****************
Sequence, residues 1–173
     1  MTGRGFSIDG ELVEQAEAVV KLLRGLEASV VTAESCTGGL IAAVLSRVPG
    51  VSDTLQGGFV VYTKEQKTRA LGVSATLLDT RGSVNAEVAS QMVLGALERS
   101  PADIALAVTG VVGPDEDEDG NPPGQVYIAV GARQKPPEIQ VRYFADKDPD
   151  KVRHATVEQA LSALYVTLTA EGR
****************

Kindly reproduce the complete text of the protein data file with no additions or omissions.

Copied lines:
Sequence, residues 1–173
     1  MTGRGFSIDG ELVEQAEAVV KLLRGLEASV VTAESCTGGL IAAVLSRVPG
    51  VSDTLQGGFV VYTKEQKTRA LGVSATLLDT RGSVNAEVAS QMVLGALERS
   101  PADIALAVTG VVGPDEDEDG NPPGQVYIAV GARQKPPEIQ VRYFADKDPD
   151  KVRHATVEQA LSALYVTLTA EGR